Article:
Christianity Today has an article entitled Christian Colleges’ Green Revolution. Here are a few quotes:
“When I was exposed firsthand to the impact that poor environmental care can cause, I was shocked,” Semenyuk says, recalling a protest he witnessed in Nicaragua. “The people were field workers on banana plantations where extremely powerful chemicals are used to make a ‘perfect banana’ for consumers in the U.S. The chemicals are outlawed in the U.S. and in other developed countries.” The people protesting had permanent chemical burns, Semenyuk says, and their children suffered birth defects. Semenyuk realized that his own consumption patterns—even ones as simple as buying a banana—had a significant impact on people living elsewhere.
Connecting the environment with other issues, such as poverty and evangelism, has helped environmental initiatives gain support.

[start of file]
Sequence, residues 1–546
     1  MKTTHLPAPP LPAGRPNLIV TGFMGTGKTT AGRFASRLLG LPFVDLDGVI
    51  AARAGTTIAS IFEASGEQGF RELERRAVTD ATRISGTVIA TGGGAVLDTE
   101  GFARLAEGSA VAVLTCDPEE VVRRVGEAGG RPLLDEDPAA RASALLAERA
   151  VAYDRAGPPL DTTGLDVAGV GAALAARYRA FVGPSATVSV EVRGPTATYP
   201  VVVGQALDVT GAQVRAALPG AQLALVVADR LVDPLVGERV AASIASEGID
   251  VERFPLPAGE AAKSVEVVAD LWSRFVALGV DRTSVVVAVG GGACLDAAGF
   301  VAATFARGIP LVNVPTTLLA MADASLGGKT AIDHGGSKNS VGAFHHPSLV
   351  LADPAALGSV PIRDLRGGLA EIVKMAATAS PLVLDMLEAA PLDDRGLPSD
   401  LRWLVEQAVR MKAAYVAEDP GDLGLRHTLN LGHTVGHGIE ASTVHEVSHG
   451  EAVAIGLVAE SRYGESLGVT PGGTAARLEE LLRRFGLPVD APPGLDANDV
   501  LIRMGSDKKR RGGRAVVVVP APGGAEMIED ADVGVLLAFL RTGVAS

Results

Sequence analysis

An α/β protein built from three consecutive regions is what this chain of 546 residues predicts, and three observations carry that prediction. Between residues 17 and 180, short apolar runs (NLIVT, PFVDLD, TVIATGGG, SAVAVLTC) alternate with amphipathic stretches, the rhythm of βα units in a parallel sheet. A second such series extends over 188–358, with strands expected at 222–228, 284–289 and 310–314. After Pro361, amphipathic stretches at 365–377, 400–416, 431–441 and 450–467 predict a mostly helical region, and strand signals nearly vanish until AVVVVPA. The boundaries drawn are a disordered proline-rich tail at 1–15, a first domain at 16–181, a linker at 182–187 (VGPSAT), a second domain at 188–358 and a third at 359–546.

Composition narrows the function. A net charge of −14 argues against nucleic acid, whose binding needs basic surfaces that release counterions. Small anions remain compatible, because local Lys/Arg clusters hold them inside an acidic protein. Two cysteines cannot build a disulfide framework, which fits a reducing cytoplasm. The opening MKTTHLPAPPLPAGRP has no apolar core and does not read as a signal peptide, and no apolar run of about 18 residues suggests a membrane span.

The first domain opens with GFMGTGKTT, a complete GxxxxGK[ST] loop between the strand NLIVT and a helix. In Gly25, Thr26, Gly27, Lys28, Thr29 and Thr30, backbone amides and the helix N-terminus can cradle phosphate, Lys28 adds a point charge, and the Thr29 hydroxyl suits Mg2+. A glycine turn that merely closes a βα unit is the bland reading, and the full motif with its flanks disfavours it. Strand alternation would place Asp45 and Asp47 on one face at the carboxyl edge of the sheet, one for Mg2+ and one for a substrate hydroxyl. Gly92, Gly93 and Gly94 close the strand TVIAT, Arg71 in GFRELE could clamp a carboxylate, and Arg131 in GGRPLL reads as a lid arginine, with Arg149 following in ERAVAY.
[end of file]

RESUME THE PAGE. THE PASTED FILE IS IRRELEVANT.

Semenyuk, who is now doing graduate work in environmental engineering at Johns Hopkins University, says he considered studying medicine, but realized he would only be helping one person at a time. “Through engineering,” he says, “I can help [whole] communities at a time, be able to train others, and relieve people from the need of seeing a doctor by solving the problem that is causing disease in the first place.”
There is also an evangelistic dimension. Lowe notes that some of the 40 members of Wheaton’s student chapter of A Rocha, an international conservation organization, volunteer at the county’s forest preserves each week. “People who are not in contact with a church or who are frustrated with Christians or don’t view Christians as caring about the environment see us caring for creation,” he says.
For many students, creation care is grounded in soul care. When people ask Semenyuk if he is a “tree hugger,” he replies, “I’m a people hugger.”
He explains, “By taking care of the environment, I am taking care of people. I feel called to missionary work in preaching and evangelizing, but if people will not live to hear my message by the time I arrive because of my poor environmental decisions, the Word is preached in vain.”
I’m always pleased when Christians give more than lip service to “creation care,” “stewardship,” and “conservation.”
Grace and Peace